Edward R. Weinstein, Esq.Edward R. Weinstein, Esq.

If You Want To End Your Alimony Payments In New Jersey, You Must Prove Your Case!

As an experienced divorce attorney I know first-hand just how difficult it is to terminate an alimony obligation.  In addition, this lawyer always is sure to always advise clients that they must comply with all court orders generated from a New Jersey Family Court.  Specifically, if you are looking to modify or terminate alimony and your attorney is successful in establishing a prima facie case on your behalf, the discovery period will commence, often with certain specific documentation being required.  Discovery is a procedure by which litigants can obtain evidence and information from the other party that is essential to a cause of action or lawsuit. Refusing to comply with court ordered discovery could lead to sanctions, like paying the other side’s attorney’s fees. The continued disregard of court ordered discovery could lead to the ultimate sanction of dismissal with prejudice. William Null found this out the hard way, after his motion to reduce his alimony obligation was denied with prejudice because of his blatant and continuous defiance of at least ten court orders for essential discovery.

In Null v. Null, ex-husband William Null appealed from an order of the Superior Court of New Jersey, Family Part of Ocean County that denied his motion to reduce or terminate his alimony obligation. He argued that the Family Part judge abused her discretion in dismissing his motion with prejudice.

William and Lynn Null married in 1978, and had two children together. When they divorced on November 18, 2005, their final judgment of divorce incorporated a mutually agreed to property settlement agreement. According to the terms of the property settlement agreement, William would pay Lynn $ 6,000 a month in permanent alimony, based on a yearly salary of $ 175,000.

William first tried to reduce his alimony payments in 2007, through mediation. Even though mediation failed, Lynn alleged that William still decided to unilaterally reduce his alimony payments to $ 5,000 a month. As such, she filed a motion for enforcement of the alimony obligation, and William responded with a cross-motion for a reduction of his alimony obligation. On September 4, 2009 William’s cross-motion for reduction was denied, and Lynn’s motion for arrears was granted. The judge found that William failed to include income he received from a rental property in Morristown in his case information statement. He also failed to list a property he owned in Chatham. The judge ordered both parties to submit discovery within forty-five days.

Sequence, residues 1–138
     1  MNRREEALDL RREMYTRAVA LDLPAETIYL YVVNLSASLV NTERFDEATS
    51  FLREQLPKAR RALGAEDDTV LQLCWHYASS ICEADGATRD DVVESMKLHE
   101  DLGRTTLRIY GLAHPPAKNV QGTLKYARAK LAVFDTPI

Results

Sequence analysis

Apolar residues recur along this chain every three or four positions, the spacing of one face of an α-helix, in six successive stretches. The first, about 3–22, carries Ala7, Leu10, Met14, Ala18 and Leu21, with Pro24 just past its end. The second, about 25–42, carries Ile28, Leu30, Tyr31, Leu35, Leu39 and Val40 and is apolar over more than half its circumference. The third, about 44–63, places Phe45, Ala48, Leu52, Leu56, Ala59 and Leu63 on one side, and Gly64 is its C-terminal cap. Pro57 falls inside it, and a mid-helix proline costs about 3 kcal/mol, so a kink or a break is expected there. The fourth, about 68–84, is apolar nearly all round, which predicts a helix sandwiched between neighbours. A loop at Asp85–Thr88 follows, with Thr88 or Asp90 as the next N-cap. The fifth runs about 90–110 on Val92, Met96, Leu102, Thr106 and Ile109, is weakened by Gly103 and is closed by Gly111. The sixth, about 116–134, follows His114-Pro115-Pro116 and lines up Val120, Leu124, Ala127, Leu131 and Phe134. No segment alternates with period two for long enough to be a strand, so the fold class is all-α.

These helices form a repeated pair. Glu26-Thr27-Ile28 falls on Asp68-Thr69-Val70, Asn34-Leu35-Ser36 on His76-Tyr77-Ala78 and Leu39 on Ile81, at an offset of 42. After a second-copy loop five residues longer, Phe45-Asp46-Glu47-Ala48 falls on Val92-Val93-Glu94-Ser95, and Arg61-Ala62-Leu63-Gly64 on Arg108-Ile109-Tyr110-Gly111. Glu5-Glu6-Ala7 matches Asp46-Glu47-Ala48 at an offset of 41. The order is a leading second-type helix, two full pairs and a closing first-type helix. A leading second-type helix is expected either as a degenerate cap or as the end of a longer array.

The Family Part again entered an order on February 9, 2010 that denied William’s motion to reduce alimony, and set his outstanding arrears at $ 81,804.75. The judge stated that he did not comply with the discovery demand in the September 4, 2009 order, and the fact that he continuously failed to submit his complete financial situation demanded that sanctions be imposed against him. As such, Lynn was awarded $ 10,099 in attorney’s fees. The court issued an another order on May 13, 2010 that required the former couple to return to mediation. Furthermore, William was ordered to submit additional discovery, pay Lynn the attorney’s fees awarded in the prior order, to keep paying his alimony obligation and alimony arrears he owed, and pay a penalty because he failed to submit the proof of life insurance that he was required to do in a past order.

After the May 13, 2010 order, William stopped paying his alimony and arrear payments all together. Lynn was forced once again to file a motion to enforce alimony, and William again filed a cross-motion for a reduction of his alimony obligation. A Family Part judge found that he had established a prima facie showing of changed circumstances that warranted a plenary hearing. As such, the judge ordered him to provide discovery, specifically his 2009 tax return, 2009 W-2, and his current wife, Joan Arata’s, three most recent pay stubs. In response, William filed a motion to bar any discovery related to Joan’s assets. This motion was denied on February 2, 2001, and the judge explained that William claimed to be an employee of a business owned by his current wife, and Lynn alleged that he had placed businesses and assets he owned in Joan’s name. On March 25, 2001, the court once again denied a motion to bar discovery of Joan’s finances, ordered her to appear for deposition, and reaffirmed the discovery demands from the November 1, 2010 order.